As social activist Mitch Snyder, D.C. Mayor Marion Barry and Metro officials celebrated the end of the homeless controversy at the Farragut West Metro station yesterday, the chairman of the Metro board said that stations systemwide will be barred to the homeless.

Board Chairman Joseph Alexander, a Fairfax County supervisor, said he is "very certain" that Metro will build barriers to ensure that each of its stations is secure when the trains stop running at night.

In reiterating Metro's position that it is not the transit authority's responsibility to shelter people, Alexander said the plan to install gates at some other stations will go forward whether or not alternative shelters are made available for the homeless who would be locked out of Metro's escalator wells, where some have been spending the night and relieving themselves.

"The general manager has been requested to work on it and bring it to the board as soon as possible," he said, adding that Metro architects are developing "architecturally pleasing" barriers. Alexander said he did not know how soon the barriers would be built or what they would cost.

Metro officials have said they were considering enclosing the escalators and entrance areas to other downtown stations where homeless people have caused problems, but Alexander's comments were the first confirmation that Metro plans to proceed. Many Metro stations are built in such a way that escalators are already behind gates.

Alexander's comments came in an interview shortly before Snyder, founder of the Community for Creative Non-Violence, and seven other activists ended a 33-day fast protesting the exclusion of homeless people from Farragut West.

The hunger strikers agreed to abandon the fast after Metro, the D.C. government, members of the business community and a charitable group arranged for an old Metrobus to be equipped as a shelter and parked outside the station at night.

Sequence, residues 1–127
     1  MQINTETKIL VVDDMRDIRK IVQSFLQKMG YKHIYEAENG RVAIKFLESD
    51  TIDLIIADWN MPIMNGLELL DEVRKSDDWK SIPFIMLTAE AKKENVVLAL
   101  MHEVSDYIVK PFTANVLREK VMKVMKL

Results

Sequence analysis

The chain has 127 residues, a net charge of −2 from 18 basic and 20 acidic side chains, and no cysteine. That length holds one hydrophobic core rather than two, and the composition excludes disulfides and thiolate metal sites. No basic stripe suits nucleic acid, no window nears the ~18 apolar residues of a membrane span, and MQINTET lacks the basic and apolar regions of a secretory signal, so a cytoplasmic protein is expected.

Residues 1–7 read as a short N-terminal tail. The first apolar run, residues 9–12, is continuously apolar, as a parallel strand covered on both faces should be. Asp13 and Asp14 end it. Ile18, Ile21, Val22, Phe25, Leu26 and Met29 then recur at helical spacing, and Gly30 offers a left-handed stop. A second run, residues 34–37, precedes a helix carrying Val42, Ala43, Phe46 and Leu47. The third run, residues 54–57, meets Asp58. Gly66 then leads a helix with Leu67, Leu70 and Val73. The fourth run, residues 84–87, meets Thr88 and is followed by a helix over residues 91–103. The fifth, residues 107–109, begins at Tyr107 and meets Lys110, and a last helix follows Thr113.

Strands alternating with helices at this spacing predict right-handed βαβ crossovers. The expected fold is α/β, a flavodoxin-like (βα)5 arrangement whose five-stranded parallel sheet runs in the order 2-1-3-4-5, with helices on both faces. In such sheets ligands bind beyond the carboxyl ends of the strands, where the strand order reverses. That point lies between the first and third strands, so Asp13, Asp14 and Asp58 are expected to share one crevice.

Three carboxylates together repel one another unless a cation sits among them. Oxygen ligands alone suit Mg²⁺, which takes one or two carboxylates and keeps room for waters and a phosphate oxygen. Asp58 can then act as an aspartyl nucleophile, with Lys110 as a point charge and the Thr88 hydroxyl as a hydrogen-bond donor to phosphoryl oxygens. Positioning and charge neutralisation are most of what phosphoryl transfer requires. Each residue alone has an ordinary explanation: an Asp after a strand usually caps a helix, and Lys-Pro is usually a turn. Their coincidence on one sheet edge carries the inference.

Surrounded by hundreds of onlookers last night, Snyder and Barry embraced, then shared a meal of split-pea soup and homemade bread with the hunger strikers. D.C. Metro board members Hilda H.M. Mason and Gladys Mack were also there. Snyder congratulated the public officials and private supporters who devised the makeshift shelter and appealed for volunteers to help staff it.

Two portable toilets and a city bus furnished with blankets were wheeled into place on I Street NW as a stopgap until the refitted Metrobus begins service Monday.

Snyder said, "We would have another situation just like this one" if Metro builds gates at other stations without making provisions for people who use them as shelters.

"I would urge them to be sensitive," said Barry, adding that he disagreed with the decision to build gates at Farragut West.

Alexander, who suggested an out-of-service bus as a solution to the standoff over Farragut West, said that Metro has "a number of surplus buses that are not being used." He said Metro would consider donating them as shelters if the D.C. government requests them.

The D.C. government plans to spend $25,000 during the next six months to operate the makeshift shelter, Barry said. Members of the business community agreed to pay the $8,400 needed to install a toilet in the bus and equip it as a shelter.